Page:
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How to use any font you like with CSS3

By Susan Smith Posted Jan. 10, 2013 Reading time: 3 minutes

Custom fonts are among the most potentially appealing aspects of CSS3 for designers. With the font-face rule, you can render any font you have online within your web page text, regardless of whether the user has it installed or not.

As with most CSS3 techniques, the basic code is pretty simple, but the practical reality is a little more complex.

In this short tutorial, we will run through the basics of including custom fonts in your pages.

 

Upload the font

First, make sure that the font you want to use is licensed for web use. Almost all free fonts can be used on a website and many premium fonts are available with a license that covers web usage.

Next upload your chosen font to your server. You may wish to store it in a dedicated “fonts” directory but this is optional.

Remember to include the files for any variants of the font you plan on using, such as bold or italic. You can use EOT (Embedded OpenType) files for Internet Explorer and either OTF (OpenType) or TTF (TrueType) for the rest. (Additional options include WOFF (Web Open Font Format) and SVG (Scalable Vector Graphics) but we will stick to more common types here.)

Make a note of where the font files are stored on your server.

 

Add a font-face section to your CSS code

Open the HTML or CSS file for the page you are working with. Add a font-face declaration to the style code:

@font-face {
}

First inside the font-face section, give the font a name you can later use to refer to it:

font-family: 'lovelyFont';

Next, still inside the font-face section, provide the location of the EOT file:

src: url('fonts/lovely_font.eot');  

Alter the location and name of the font as necessary. Next add an OTF and/or TTF font:

src: 
	url('fonts/lovely_font.otf') 
src: 
	url('fonts/lovely_font.ttf') 

This is the bare bones of the necessary code, which will be sufficient in many cases. However, there are additional steps we can take to make the code more reliable. First extend this section to include an indicator of the font file type:

src: 
	url('fonts/lovely_font.otf') 
	format('opentype');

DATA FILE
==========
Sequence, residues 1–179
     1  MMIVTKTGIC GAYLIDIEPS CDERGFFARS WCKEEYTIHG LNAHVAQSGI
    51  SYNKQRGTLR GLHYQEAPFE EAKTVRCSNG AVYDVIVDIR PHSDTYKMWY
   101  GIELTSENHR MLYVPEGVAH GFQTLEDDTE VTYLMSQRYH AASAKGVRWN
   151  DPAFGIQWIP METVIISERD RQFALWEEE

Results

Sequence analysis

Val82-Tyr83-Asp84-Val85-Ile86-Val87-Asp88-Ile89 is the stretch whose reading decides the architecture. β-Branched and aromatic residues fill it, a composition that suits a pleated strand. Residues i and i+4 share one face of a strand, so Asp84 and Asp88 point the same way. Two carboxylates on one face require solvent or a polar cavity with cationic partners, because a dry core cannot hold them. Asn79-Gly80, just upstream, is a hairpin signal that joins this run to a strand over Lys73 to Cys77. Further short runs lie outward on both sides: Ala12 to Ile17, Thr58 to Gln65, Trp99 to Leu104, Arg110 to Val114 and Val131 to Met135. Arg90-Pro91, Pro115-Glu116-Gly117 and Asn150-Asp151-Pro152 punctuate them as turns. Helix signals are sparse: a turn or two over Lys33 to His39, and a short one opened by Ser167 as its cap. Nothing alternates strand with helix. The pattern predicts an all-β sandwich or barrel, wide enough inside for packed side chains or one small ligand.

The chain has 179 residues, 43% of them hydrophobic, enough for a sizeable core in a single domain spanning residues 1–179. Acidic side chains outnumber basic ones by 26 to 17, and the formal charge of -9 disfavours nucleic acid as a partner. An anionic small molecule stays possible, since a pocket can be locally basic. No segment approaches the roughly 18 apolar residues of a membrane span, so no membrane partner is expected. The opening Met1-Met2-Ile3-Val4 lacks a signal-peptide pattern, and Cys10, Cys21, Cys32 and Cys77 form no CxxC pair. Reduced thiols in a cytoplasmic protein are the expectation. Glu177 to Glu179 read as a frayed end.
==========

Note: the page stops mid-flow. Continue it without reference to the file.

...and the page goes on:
src: 
	url('fonts/lovely_font.ttf') 
	format('truetype');

As another optional efficiency measure, we can get the browser to check for a local copy of the font in case the user already has it. Extend your code again as follows, adding the local section before specifying the URL, so that the font is only downloaded if necessary:

src: 
	local('Lovely Font'),
	local('Lovely-Font'),
	url('fonts/lovely_font.otf') 
	format('opentype');
src: 
	local('Lovely Font'),
	local('Lovely-Font'),
	url('fonts/lovely_font.ttf') 
	format('truetype');

The addition is the same for both OTF and TTF. We specify the font name after the local keyword.

In this case we have two lines specifying the local font because the font name has more than one word in it. The hyphenated version caters for the way font names are stored on certain operating systems – this additional line is not necessary if the font only has a single word in its name. If you happen to know that a font can have different names on different systems, include each of the possibilities in your local section.

 

Apply the font to page elements

Finally we can apply the font to the page elements. In the CSS code for a particular element, or group of elements, simply specify the font name you used, including any fallbacks you choose:

div { font-family: 'lovelyFont', sans-serif; }

 

Include font variants

If, for example, you want to use a bold version of your font as well, simply include another font-face section with the bold font file URL and a declaration of “font-weight:bold;”. Specify a font weight of bold for any element with the custom font applied to it and the browser will automatically render the bold version:

/*default version*/
@font-face {
	font-family: 'lovelyFont';
	src: url('fonts/lovely_font.eot'); 
	src: 
		local('Lovely Font'),
		local('Lovely-Font'),
		url('fonts/lovely_font.otf') 
		format('opentype');
}
/*bold version*/
@font-face {
	font-family: 'lovelyFont';
	src: url('fonts/lovely_font_bold.eot'); 
	src: 
		local('Lovely Font Bold'),
		local('Lovely-Font-Bold'),
		url('fonts/lovely_font_bold.otf') 
		format('opentype');
	font-weight: bold;
}
/*container element*/
div { font-family: 'lovelyFont', sans-serif; }
/*span elements inside the container div*/
span { font-weight: bold; }

That’s it!

 

Do you use CSS3 to expand the type faces available to you? Do you use a service like Adobe’s Typekit or Google’s Webfonts? Let us know in the comments.

Featured image/thumbnail, fonts image via Shutterstock.

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